Written by BILL SCHANEN IV
Wednesday, 13 June 2012 18:36
After 13 years of spending cuts, PW-S Board OKs plan that funds new positions, technology improvements
A Port Washington-Saukville School Board that has fought for more than a decade to protect educational programs, class sizes and teaching jobs approved a 2012-13 budget Monday that will fund two new district-wide positions, an ambitious technology initiative and an energy savings improvement fund designed to pay future dividends.
It also predicts a modest tax rate decrease. The budget — the first in 13 years that has not required spending cuts and, in fact, calls for a $58,000 surplus — benefits from significant changes to employee benefits, federal job-creation money and the retirement of all referendum debt.
“This is a unique budget,” Supt. Michael Weber said during Monday’s budget hearing. “This is the first time in 13 years the Administrative Council has not needed to reduce the budget because of a structural deficit.
“Now we have an opportunity to focus on program needs, student needs and some areas of achievement that we need to beef up for the future.”
Although district expenses are projected to increase $745,721 (2.33%) for a total of $32.8 million next school year, the tax levy is expected to decrease $257,873 (1.82%) to $13.9 million.
That translates to a tax rate of $9.19 per $1,000 of equalized value, a 17-cent (1.8%) decrease from this year. That means the owner of a $175,000 house would theoretically pay $29.83 less in school taxes, assuming no increase in property values. The impact of the school tax rate will vary among taxing entities within the district, depending on changes in property values.
Director of Business Services Jim Froemming stressed that the budget is based on several assumptions and could change slightly by the time the board approves the tax levy on Oct. 29. State aid, property values and student enrollment are among the key variables, and hiring decisions that have yet to be made will impact salary and benefit costs.
But even with changes, it’s clear that the 2012-13 budget provides the best financial outlook the district has seen in years, in part because of significant employee benefit savings.
This is the first budget that reflects changes required by Act 10, the controversial state law that ended most collective bargaining rights for public employees.
Shortly before that law was enacted last year, board members approved a one-year teacher contract extension, saying they needed a year to revamp benefits. Since then, the board has decided to end the district’s long relationship with WEA Trust, the health insurance provider affiliated with the state’s largest teachers union, and contract with Humana for considerably less expensive benefits due in part to higher employee and retiree deductibles and co-pays. Those as well as other changes, such as paring the cash in lieu of insurance benefit, are expected to result in a $600,000 savings to the district, Froemming said.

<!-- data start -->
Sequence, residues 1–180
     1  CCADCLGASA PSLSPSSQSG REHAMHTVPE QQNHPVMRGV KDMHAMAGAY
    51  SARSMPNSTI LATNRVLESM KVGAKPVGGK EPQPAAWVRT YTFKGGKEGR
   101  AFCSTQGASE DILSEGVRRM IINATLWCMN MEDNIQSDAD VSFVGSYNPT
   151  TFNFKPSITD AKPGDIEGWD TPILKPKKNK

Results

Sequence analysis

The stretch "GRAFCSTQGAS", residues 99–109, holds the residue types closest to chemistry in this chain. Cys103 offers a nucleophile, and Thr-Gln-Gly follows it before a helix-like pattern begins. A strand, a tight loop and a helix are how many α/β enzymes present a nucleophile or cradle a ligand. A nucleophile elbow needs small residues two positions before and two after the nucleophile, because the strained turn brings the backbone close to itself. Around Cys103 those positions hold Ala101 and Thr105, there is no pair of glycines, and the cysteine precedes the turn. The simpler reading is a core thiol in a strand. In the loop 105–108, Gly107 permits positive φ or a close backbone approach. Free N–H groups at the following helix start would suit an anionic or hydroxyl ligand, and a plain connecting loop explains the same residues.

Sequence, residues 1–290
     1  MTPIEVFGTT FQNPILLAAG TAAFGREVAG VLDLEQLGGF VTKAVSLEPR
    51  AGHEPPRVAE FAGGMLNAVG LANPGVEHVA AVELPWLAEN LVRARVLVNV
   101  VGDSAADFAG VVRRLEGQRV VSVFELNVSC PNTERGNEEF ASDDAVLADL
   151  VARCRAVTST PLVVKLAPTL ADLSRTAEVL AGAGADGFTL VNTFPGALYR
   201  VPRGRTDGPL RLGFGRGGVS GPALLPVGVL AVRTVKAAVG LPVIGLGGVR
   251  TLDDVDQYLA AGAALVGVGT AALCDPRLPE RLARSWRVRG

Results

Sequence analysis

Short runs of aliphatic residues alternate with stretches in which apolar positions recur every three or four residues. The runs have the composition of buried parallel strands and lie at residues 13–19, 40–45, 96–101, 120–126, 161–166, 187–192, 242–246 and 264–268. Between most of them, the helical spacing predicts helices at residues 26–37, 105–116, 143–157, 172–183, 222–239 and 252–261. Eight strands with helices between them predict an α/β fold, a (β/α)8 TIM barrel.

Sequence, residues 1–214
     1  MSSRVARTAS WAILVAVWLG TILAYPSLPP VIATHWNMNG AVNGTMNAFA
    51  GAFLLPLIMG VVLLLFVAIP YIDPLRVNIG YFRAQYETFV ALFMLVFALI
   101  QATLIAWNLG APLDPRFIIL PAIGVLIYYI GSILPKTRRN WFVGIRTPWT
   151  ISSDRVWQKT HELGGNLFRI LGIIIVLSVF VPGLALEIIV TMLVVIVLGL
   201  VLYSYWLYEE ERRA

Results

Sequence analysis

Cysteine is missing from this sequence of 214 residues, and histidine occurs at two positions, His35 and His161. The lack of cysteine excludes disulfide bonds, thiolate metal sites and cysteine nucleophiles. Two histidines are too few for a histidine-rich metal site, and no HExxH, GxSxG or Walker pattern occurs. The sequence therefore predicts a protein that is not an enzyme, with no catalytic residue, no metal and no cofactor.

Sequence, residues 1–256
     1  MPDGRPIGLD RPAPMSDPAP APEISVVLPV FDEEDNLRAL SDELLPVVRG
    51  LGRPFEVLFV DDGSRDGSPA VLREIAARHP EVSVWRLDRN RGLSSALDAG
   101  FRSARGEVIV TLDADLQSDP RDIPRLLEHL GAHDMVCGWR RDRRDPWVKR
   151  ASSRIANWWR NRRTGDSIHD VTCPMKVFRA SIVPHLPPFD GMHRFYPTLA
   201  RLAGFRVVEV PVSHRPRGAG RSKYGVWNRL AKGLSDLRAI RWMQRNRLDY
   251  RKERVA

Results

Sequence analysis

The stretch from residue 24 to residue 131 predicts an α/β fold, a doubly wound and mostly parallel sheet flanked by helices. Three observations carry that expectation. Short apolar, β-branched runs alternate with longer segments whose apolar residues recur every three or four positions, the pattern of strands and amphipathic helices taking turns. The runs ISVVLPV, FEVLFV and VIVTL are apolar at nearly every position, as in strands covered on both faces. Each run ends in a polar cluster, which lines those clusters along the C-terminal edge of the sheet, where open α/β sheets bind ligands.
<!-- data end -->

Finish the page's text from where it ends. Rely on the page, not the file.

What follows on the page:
Weber said that although the district has been able to use Act 10 to its advantage, it’s strong financial outlook shouldn’t be attributed to the law.
“I get very uncomfortable when I read about how a district is in good or bad financial shape because of Act 10. There’s more to it than that,” he said. “Our key has been strong financial management long before Act 10.
“The districts that are in the best shape under Act 10 are the ones that were in good financial shape before Act. 10.”
The budget also benefits from $544,789 in federal grant money intended to create and retain jobs. If the district chooses to use its allocation, it must do so during the 2012-13 school year.
Some of that money will be used to create two new positions — a district-wide math specialist and a technology education specialist.
The math specialist will track and improve student achievement.
The technology specialist figures into a broader technology initiative and will help teachers use computers and software to educate students.
The district has budgeted $88,695 in salary and benefits for each position.
Another important component of the budget is what’s missing — an annual referendum debt payment of $473,529. That debt was retired earlier this year.
The district will set aside just less than half that amount — $217,000 — in a new energy savings capital improvement fund. Administrators intend to contribute annually to this fund, which will be used to pay for cost-cutting improvements.
“This is another investment in the financial stability of the district in the future,” Weber said.
In addition to investing in personnel and energy efficiency projects, the district has budgeted for technology improvements that include the installation of wireless Internet equipment at Port Washington High School and Thomas Jefferson Middle School. That project is expected to cost $144,345.
The technology initiative also includes the purchase of 90 netbooks — small laptop computers specifically designed for accessing the Internet —
and 140 Apple iPads for a pilot project in middle school math and communication classes. The district will pay $700 per netbook and $458 per iPad for a total cost of $153,000, which includes storage carts and covers for the iPads. An additional $163,720 has been budgeted for teacher training.